The Birth of the #FergusonSyllabus

September 11, 2014 / Phil Lesch

September 9th, 2014

What is college for? In the scintillating world of higher-ed wonkery, we are constantly arguing about this: The cultivation of a critically thinking citizenry! Vocational training! Upward mobility! But another great way to think about college is as a place where students learn to think about the world outside themselves. College can offer students a safe, productive, and stimulating environment to speak—and learn—about current events; to learn about those events’ historical, social, and political contexts; and to bring a modicum of understanding and peace to what seems at times like a violent and incomprehensible world.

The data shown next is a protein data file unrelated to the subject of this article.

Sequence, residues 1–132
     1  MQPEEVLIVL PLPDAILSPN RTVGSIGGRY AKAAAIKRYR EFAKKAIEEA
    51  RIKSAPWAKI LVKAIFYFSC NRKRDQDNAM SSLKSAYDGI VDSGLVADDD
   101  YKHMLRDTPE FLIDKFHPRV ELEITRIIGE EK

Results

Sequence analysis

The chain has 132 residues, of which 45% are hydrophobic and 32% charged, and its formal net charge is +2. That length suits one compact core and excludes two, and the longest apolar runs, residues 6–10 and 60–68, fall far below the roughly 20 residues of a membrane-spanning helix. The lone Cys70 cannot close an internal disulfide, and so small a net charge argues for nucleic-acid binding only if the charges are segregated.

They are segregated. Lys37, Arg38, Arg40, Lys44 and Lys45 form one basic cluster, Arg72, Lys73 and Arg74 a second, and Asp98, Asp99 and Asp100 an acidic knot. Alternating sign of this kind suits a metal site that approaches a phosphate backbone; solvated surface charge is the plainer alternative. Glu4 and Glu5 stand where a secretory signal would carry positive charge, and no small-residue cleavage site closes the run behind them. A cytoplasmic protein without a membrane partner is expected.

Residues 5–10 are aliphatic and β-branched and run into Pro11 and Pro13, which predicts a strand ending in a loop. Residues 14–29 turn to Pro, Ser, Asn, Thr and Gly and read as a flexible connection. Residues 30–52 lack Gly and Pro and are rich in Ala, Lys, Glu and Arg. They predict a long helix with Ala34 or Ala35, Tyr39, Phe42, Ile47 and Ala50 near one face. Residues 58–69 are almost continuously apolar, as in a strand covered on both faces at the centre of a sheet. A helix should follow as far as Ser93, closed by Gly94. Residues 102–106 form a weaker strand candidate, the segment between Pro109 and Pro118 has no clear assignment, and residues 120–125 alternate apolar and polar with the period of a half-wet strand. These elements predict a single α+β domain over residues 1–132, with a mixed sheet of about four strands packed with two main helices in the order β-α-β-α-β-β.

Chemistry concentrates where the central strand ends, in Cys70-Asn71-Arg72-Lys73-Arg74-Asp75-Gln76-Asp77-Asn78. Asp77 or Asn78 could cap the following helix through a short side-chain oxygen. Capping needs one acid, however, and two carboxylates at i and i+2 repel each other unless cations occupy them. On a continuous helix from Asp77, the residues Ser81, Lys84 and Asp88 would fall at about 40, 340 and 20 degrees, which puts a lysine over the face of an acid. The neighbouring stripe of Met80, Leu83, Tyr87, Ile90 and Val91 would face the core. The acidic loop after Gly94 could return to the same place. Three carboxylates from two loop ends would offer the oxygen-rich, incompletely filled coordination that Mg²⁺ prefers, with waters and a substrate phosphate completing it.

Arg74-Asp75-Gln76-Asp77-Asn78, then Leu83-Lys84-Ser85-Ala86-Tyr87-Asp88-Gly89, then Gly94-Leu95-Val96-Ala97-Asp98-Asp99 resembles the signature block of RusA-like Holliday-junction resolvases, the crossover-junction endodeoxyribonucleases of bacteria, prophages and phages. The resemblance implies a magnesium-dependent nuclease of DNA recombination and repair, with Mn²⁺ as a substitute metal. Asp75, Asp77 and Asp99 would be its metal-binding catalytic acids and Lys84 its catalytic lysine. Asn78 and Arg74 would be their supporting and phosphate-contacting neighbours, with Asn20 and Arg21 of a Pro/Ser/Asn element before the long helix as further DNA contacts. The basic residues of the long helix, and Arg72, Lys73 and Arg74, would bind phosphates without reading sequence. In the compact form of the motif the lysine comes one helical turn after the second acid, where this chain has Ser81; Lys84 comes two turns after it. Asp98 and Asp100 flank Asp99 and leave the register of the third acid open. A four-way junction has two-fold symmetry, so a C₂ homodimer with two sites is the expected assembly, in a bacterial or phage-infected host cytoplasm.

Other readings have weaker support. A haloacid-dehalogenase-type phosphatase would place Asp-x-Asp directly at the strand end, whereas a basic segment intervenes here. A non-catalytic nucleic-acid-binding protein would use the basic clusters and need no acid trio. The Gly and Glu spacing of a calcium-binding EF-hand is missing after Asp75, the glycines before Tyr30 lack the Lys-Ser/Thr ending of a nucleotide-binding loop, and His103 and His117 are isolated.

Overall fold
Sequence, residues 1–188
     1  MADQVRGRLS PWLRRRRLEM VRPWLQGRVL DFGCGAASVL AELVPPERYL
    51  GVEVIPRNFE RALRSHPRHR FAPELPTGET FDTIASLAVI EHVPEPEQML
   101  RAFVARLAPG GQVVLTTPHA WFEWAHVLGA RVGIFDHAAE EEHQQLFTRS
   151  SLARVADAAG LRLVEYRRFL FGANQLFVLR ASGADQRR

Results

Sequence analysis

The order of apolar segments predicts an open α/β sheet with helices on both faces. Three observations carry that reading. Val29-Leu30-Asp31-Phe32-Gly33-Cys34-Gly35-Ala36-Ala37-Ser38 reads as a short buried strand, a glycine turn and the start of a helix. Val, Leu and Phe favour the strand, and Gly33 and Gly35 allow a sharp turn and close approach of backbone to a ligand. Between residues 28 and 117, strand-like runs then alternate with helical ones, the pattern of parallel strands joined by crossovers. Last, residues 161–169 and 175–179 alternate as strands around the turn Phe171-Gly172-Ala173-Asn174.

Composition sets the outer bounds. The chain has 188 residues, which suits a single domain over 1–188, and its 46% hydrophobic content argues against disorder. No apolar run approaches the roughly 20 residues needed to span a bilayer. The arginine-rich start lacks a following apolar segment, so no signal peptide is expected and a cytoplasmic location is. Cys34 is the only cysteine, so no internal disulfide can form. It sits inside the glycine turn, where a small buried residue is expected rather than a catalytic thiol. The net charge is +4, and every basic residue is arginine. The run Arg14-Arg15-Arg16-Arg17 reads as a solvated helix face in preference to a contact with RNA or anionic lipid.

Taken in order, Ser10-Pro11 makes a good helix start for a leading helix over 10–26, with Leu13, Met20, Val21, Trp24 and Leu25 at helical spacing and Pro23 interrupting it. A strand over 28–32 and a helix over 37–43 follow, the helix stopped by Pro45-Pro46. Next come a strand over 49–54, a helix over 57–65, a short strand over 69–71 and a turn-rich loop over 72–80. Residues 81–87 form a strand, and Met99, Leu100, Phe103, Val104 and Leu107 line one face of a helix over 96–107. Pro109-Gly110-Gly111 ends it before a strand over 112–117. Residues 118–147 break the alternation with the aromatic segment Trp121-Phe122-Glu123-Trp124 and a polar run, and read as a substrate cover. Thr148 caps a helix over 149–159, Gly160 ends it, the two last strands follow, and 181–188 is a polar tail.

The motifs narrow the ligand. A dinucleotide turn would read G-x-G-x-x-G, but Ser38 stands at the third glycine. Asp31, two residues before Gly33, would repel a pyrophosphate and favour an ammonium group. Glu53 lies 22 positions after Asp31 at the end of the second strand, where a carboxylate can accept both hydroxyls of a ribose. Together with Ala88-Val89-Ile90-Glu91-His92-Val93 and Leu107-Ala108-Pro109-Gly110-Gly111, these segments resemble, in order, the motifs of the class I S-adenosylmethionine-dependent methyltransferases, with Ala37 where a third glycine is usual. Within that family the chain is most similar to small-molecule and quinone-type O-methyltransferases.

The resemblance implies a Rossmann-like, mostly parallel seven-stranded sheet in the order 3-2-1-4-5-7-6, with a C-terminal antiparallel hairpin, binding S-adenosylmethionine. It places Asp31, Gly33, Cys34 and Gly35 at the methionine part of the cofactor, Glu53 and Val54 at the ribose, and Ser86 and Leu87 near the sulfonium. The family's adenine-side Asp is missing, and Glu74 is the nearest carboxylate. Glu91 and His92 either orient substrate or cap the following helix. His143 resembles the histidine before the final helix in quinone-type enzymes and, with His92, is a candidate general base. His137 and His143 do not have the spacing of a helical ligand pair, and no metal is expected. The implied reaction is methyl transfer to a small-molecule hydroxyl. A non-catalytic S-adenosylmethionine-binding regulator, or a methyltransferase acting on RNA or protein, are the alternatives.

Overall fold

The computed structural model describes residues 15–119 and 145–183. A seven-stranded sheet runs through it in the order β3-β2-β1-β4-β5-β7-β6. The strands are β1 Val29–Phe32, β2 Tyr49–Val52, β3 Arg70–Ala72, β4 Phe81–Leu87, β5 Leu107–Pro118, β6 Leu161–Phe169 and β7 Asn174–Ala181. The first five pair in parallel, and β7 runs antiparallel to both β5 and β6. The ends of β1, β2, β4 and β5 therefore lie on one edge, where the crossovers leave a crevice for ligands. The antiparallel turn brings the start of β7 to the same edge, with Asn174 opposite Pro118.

The recent shooting of unarmed teenager Michael Brown in Ferguson, Missouri—a suburb of St. Louis, where I live—is just such an event, and it was fresh on the minds of college students and faculty when school began here in mid-August. Students at Washington University and Saint Louis University took part in peaceful protests, walkouts, and community actions across town; meanwhile, professors in related disciplines—sociology, social work, criminal justice—quickly adapted their syllabi to address the history that continued to unfold on their doorsteps.

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